Our transfer application numbers for fall 2013 are lagging behind last year, although it is too early to call this a trend.  We have more applications for first-year admission than any other comprehensive-sector campus, and have accepted more students than at the same time last year.  As of January 23, we were one of only four comprehensive campuses that received more applications for first-year admission than last year.  The number of applications to the entire SUNY system is down by 1.3%, to the comprehensive sector by 1.9%, and to the technology sector by 1.3%; only the university centers have seen an overall increase in application numbers (+5.1%).  It must catch our attention that application numbers are down by 4% or more at five of 12 comprehensive campuses and at three of eight technology campuses.

I have been writing to you about declining numbers of high school graduates in New York and about possible impacts of declining college affordability, even with the low cost of SUNY tuition.  While our campus is doing well financially, the apparent stresses throughout the system should alert us that these broader concerns and constraints are very real.  Early signs are positive that New Paltz will reach our fall target of 1,150 first-year students, but lagging numbers of transfer applications and the overall declines in application numbers across SUNY reinforce the volatility and uncertainty of our recruitment environment, and the likely intense competition for students.  Because it is so easy for students to apply to multiple campuses, our strong application numbers are not a very compelling predictor of recruitment success.  Our primary challenge is to yield the number and quality of first-year and transfer students from the accepted applicants.  Along with expanding our marketing and advertising, we have invested additional resources in financial aid that we believe will help with our recruitment.

Personalized and direct contact from faculty and department chairs to accepted students is increasingly important.  Hearing from professors and departments about our offerings and our distinctiveness makes a real difference in where prospective students choose to attend college.  In the next few weeks, departments will receive lists of accepted students along with suggestions for reaching out to them. I ask that each department undertake these efforts, as well as participating in the two Accepted Students Open Houses that we are hosting this year (March 16 and April 13).  I thank you in advance for your partnership with the Admissions staff in recruiting the incoming class we seek.

Construction Updates.   The Wooster renovation is proceeding well, and we remain on schedule for an anticipated fall 2015 occupancy.  This month, several stairwells have been removed from the east and west ends – dramatically expanding the view from the Excelsior Concourse onto the Old Main Quad.  The new parking lot by Lenape Hall and the expanded parking lot on Route 32 are now available for use.  Bids will be let soon on the new science building, and we expect to break ground in April with a target move-in date of spring semester 2016.    

The library renovation is progressing, with work on the “Lower East Side” scheduled to be completed this spring, and that on the main floor of the library (the primary focus of the project) beginning just after the semester ends.  The project will incur additional costs from initial estimates (which probably were unrealistically conservative).  These costs will be covered by construction funds remaining in the current (2008-2013) capital allocation, without impinging on other projects scheduled for this time period (e.g., planning for the Elting renovation).  The increased costs of the library renovation are driven primarily by the need to address conditions such as aging and deteriorating materials and surfaces that could not be foreseen when the project was initially planned.  The configuration and layout of library spaces will be as specified in the original design.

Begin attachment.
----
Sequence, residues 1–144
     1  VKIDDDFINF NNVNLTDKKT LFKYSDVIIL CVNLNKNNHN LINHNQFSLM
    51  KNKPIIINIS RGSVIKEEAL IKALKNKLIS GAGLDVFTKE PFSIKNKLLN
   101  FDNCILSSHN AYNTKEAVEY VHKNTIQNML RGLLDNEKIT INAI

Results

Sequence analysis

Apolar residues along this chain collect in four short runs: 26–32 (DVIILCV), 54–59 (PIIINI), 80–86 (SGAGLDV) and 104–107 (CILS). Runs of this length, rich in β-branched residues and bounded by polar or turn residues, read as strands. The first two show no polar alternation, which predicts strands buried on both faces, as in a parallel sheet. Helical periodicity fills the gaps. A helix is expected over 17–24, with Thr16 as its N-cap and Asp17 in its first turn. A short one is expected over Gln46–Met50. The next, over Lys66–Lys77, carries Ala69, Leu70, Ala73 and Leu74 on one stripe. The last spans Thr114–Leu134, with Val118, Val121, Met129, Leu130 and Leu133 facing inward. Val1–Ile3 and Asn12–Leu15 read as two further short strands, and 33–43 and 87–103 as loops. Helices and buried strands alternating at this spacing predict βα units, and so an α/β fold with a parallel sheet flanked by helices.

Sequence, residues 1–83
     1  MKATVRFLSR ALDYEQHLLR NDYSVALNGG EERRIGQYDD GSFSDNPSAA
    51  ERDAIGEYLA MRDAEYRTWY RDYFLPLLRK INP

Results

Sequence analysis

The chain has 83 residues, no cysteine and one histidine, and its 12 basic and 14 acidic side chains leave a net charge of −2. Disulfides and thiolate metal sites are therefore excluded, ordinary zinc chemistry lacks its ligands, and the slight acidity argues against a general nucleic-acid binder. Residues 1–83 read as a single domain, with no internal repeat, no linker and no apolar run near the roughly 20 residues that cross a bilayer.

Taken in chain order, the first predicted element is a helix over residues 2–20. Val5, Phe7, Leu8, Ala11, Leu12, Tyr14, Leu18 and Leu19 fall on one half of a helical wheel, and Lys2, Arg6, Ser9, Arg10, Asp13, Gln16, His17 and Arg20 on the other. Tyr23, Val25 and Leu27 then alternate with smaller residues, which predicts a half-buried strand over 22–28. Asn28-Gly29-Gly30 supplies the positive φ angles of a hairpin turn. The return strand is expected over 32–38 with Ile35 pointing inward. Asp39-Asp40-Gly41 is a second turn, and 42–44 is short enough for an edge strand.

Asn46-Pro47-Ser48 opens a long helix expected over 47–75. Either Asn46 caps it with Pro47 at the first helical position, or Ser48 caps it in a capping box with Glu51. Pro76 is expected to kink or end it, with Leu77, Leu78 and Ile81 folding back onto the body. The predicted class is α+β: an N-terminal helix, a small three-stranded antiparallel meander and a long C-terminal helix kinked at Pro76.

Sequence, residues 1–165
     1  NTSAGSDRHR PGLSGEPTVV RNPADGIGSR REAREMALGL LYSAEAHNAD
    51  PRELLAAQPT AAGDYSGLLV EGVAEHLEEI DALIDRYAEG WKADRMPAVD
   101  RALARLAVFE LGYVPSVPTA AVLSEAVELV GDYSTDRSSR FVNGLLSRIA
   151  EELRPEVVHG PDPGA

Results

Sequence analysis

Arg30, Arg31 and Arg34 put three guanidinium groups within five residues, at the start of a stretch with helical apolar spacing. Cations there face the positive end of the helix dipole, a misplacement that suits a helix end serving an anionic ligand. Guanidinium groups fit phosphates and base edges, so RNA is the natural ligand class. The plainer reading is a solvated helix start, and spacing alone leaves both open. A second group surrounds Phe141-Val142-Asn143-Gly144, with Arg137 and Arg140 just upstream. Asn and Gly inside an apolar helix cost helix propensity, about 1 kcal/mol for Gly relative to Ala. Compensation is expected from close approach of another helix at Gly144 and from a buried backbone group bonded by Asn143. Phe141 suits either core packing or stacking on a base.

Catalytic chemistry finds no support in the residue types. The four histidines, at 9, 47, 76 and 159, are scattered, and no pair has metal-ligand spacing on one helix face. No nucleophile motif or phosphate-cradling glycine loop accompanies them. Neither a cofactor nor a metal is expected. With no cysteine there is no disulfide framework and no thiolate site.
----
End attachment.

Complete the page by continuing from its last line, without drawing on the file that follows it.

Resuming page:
We continue our planning for a new residence hall between the AWC and Lenape Hall and for the renovation of LeFevre Hall, the next Hasbrouck complex residence hall scheduled for wholesale upgrade.  As noted above, the Governor’s budget opens the door for these residence hall projects to proceed, by isolating residence hall bonding from other state bond indebtedness. 

Park Point. The New Paltz Town Planning Board held the final meeting of its public hearing process on the Draft Environmental Impact Statement for the Park Point housing project on January 14.  I submitted a written response about the College perspective on some of the questions of interest and assertions made during earlier hearings.  Our Facilities staff and the developer are refining details of the “connector” route between Park Point and the campus, which has been of interest in the project because of implications for minimizing traffic from Park Point onto Route 32.  While the connector route will allow vehicular traffic, we hope to encourage pedestrian and bicycle travel and limit vehicular use to emergencies. We will share further information about the status and progress of Park Point as it is known.  In the meantime, I read regularly about other SUNY campuses, including community colleges, planning or completing new student housing projects, typically with the stated rationale that such housing is critical for their ability to recruit students.  Park Point and our planned new residence hall are equally critical to our future.

Best wishes for a productive spring semester.

Donald P. Christian